So far, I’ve talked a lot about food on this blog. Yes, food is my passion, and I spend a lot of my time thinking about or preparing foods. I do do other things as well. And YOGA is one of them. I started practicing yoga in college when I was 20 years old. I actually took a yoga class for college credit at Sonoma State University. It was called the Psychology of Yoga. It sounded interesting, so I took it. Little did I know that it would start a life-long journey for me. This year will mark 20 years for me and my yoga practice. Over the years, I have practiced daily and then sometimes only once a week. But I always practice. It just isn’t always on my mat.
Once you begin on the journey of yoga, you realize that the work can be done in every day life as well. One thing that I have learned is that yoga makes my life better. I feel more grounded. I feel more relaxed. I feel less stressed. I feel stronger in my body. My body feels happier. I’m a better parent. And I am generally more pleasant to be around. What I also realize is that yoga is great for improving the digestion as well. Just like a full body massage relaxes and invigorates your physical body, a sequence of yoga postures can stimulate and heal your digestive system.
Your mouth, pharynx, esophagus, stomach, small intestine and large intestine make up your digestive system, with your teeth, tongue, salivary glands, liver, gall bladder and pancreas acting as accessory organs. Throughout the day your digestive system is ingesting food, secreting fluids, breaking down and digesting fiber, absorbing nutrients and defecating waste. This is when it is all working correctly. Many of us, however, suffer from indigestion, acid reflux, bloating, pain, constipation or diarrhea. A regular yoga practice can help alleviate these uncomfortable symptoms. Yoga poses such as forward bends and twists compress your abdomen to release gas. Practicing yoga also increases blood flow to your bowels and digestive tract, which can improve your digestion. It can also help you feel more relaxed and in turn relaxing the digestive system. Yoga also can help with eliminating waste more efficiently, reducing acid in the stomach, and strengthening digestive muscles.
And it doesn’t take a lot of time. As a yoga teacher, I like it when students come to class. But I always tell students that it’s better to practice 10-15 minutes a day at home than to come to class just once a week. It is long-term, sustained practice that heals the body. Taking just a few minutes a day to get on your mat can make a huge difference in how you feel. Either in the morning or in the evening, set aside a little time in a quiet place to get on your mat. The results are amazing. Not only will you feel more calm and grounded, but your body will start to unravel the stresses that we accumulate throughout our busy daily life. Here are a few poses that can help improve digestion. You can do them by themselves or add them together as a short yoga sequence. I would love to hear your experience with yoga and your belly…..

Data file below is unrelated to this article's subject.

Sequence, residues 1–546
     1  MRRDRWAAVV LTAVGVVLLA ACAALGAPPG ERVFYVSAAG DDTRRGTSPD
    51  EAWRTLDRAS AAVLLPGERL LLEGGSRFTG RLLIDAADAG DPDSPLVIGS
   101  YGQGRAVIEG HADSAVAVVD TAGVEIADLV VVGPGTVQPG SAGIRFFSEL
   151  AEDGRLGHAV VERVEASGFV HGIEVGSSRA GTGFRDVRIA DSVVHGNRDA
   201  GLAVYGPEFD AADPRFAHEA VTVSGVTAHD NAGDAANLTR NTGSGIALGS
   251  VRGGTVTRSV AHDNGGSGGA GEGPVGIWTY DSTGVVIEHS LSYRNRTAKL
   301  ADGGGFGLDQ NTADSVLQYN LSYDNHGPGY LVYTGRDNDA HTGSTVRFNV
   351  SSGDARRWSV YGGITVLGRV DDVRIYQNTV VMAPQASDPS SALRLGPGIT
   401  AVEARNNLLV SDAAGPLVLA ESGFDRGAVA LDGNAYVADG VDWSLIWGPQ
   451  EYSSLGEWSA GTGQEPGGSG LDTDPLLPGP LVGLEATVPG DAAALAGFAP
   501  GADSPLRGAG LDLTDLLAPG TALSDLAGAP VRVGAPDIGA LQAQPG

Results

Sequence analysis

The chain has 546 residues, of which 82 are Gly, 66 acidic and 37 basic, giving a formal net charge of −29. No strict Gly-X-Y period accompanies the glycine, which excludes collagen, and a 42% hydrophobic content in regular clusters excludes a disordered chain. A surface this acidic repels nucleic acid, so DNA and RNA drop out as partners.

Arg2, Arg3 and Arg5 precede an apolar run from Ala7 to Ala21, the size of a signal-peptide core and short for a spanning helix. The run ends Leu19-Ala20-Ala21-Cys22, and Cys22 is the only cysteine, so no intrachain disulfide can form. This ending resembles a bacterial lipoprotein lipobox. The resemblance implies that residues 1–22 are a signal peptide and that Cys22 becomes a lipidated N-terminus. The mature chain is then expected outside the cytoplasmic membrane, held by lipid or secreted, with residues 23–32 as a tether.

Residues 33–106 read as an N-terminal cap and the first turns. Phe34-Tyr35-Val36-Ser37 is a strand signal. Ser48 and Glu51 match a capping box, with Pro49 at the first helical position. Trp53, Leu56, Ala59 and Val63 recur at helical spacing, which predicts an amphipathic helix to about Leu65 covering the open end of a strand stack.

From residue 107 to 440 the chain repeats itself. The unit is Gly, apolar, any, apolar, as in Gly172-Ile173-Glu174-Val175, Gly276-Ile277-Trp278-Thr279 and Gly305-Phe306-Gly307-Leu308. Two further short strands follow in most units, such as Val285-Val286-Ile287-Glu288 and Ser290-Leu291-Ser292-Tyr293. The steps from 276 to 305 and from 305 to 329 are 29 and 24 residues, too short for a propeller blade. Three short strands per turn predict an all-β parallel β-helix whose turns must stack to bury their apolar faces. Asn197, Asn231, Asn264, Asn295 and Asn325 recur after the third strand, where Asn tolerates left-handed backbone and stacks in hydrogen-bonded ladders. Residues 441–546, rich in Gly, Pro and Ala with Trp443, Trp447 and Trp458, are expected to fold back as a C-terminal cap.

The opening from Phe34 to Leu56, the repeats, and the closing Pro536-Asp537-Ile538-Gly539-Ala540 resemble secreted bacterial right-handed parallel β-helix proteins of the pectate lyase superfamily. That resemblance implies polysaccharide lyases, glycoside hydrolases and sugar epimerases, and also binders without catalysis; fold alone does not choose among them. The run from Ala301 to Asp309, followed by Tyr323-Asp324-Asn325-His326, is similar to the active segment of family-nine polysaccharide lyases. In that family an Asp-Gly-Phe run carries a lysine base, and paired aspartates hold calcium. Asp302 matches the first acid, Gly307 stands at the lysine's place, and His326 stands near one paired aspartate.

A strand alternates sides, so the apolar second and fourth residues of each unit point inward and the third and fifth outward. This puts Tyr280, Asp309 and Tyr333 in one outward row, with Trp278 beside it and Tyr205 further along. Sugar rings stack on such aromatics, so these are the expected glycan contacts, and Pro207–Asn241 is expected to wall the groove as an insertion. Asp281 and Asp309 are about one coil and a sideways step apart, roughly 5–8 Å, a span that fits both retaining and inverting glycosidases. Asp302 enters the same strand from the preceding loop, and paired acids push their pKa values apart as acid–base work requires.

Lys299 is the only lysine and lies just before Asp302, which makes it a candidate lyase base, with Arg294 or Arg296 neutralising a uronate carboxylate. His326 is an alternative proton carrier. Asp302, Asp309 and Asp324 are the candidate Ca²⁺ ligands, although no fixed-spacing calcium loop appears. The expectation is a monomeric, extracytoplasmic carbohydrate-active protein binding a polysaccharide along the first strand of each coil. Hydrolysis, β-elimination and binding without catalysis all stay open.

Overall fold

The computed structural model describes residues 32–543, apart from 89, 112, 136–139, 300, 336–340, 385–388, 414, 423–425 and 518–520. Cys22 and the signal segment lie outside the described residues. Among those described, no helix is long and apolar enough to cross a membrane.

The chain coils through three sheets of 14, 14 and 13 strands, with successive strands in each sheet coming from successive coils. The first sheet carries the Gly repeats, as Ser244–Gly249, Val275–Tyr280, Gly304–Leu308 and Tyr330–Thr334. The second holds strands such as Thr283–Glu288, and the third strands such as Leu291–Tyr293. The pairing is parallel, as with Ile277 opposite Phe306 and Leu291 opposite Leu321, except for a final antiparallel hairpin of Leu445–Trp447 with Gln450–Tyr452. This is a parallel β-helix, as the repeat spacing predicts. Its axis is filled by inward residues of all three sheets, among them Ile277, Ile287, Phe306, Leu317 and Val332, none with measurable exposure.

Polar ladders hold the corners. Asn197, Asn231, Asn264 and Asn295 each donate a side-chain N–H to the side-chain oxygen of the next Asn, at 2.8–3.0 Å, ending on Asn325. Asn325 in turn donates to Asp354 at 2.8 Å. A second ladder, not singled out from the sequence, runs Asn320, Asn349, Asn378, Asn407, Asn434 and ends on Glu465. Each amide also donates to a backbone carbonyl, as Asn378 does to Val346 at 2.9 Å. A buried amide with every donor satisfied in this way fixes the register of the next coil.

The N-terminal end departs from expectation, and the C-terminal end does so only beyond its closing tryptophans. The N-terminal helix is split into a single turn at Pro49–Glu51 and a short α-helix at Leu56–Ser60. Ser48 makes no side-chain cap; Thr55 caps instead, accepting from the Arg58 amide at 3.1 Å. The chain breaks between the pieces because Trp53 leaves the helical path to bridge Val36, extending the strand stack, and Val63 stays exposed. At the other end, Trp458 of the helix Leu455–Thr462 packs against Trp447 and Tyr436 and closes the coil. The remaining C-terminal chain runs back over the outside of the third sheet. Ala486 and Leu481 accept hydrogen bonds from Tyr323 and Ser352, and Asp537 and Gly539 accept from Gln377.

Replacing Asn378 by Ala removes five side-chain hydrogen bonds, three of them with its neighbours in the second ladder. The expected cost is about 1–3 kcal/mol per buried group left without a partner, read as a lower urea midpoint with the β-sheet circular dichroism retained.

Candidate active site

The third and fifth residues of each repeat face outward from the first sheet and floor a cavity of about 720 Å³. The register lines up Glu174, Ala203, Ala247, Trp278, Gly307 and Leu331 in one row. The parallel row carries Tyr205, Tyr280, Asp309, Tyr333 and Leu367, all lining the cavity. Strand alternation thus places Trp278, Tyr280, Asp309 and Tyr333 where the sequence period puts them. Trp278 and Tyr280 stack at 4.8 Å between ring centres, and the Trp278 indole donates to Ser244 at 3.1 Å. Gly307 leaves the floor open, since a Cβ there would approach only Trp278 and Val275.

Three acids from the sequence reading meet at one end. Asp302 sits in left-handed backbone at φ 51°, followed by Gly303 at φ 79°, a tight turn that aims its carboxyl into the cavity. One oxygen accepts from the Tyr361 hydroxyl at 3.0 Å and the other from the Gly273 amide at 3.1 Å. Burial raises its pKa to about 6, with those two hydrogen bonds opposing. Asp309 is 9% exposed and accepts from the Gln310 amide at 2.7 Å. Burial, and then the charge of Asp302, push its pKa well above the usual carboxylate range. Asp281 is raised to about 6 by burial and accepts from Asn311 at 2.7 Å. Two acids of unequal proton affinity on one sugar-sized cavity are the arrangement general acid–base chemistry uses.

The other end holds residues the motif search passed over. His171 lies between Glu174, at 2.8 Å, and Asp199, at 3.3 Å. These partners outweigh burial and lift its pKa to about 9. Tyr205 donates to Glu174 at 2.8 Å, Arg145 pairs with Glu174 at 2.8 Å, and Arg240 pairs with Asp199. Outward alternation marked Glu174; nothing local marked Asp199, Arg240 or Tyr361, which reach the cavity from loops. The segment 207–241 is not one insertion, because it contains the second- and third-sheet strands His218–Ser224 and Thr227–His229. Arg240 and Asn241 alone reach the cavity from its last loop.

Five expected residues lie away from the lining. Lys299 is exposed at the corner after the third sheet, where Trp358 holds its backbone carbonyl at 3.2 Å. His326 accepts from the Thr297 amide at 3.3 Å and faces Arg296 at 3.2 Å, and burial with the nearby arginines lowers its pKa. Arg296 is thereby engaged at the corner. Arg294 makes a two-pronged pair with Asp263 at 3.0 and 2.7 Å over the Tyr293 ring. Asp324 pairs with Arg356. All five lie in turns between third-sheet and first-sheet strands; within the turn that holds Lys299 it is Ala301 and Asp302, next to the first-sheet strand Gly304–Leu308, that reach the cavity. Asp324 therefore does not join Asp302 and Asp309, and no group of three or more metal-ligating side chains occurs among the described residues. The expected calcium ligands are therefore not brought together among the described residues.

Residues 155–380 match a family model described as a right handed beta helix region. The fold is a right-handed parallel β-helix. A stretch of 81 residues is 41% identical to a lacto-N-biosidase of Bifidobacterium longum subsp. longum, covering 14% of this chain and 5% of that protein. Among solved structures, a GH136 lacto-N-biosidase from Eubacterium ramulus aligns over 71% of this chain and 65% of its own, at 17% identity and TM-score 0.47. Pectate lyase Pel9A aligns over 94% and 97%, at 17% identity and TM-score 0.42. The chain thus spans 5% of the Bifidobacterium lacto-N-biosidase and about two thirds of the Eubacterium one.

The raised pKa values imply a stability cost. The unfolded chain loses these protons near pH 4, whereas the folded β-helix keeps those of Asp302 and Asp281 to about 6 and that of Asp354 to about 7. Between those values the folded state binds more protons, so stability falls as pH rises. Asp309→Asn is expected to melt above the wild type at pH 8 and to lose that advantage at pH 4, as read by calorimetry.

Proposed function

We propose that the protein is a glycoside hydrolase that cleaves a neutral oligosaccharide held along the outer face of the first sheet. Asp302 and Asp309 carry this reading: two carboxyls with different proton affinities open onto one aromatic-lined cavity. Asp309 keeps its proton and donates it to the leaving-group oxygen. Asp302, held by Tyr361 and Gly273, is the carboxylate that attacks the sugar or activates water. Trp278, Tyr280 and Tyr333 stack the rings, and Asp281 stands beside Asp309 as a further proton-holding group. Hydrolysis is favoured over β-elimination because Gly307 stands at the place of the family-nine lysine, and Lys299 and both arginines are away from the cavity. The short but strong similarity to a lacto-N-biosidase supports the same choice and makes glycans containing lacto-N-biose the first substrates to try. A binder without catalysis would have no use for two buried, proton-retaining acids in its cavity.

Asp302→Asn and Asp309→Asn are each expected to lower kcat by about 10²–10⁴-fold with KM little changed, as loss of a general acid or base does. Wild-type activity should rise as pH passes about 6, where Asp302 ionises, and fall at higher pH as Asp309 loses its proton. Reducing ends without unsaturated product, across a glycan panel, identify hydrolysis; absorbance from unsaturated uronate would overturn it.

It’s as simple as that. Breathe in. Breathe out. Yogis use pranayama, or breathing exercises, to help them both activate their bodies and relax. Since many stomach pains (gas, bloating, indigestion, and heartburn) occur in part because air gets trapped in the digestive tract, practicing breathing can keep air flowing through your body more efficiently and smoothly.
CAT AND COW
Slow movement between these two poses makes a great warm-up for your practice and helps bring circulation to your abdominal organs. It also gently stretches the spine and helps relieve tension there that can disrupt good digestion. Breathe in as you press your shoulders back and lift your head up into cow pose, and exhale as you round your back into cat pose.
Spinal twists help to relieve stress from the entire torso, which will keep your digestive organs healthy. Your gastrointestinal tract gets a nice massage to help prevent sluggishness. For that reason, this pose is ideal therapy for constipation, gas, and bloating, but it’s not recommended if you suffer from diarrhea.
Bridge is another pose to stretch and stimulate the abdominal area. It brings your organs into alignment so that they can operate most efficiently. Bridge pose also stimulates the thyroid, an important gland for digestion and food metabolism.
One of the most widely recognized yoga poses, downward-facing dog is an all-over stretch that brings the body into alignment and relieves stress to aid with digestion. Since it inverts the torso, it’s not recommended for those suffering from nausea, heartburn, or indigestion; but downward-facing dog can help relax your gastrointestinal tract and become aware of your body as you’re eating.
STANDING FORWARD BENDS
Standing forward bend, also called big-toe pose, stimulates the liver and kidneys to help eliminate toxins that impede digestion. It also helps to calm the mind and relieve the stress that often contributes to stomach woes. Again, this is a pose that inverts your esophagus, so don’t try it with an upset stomach or if you have heartburn.
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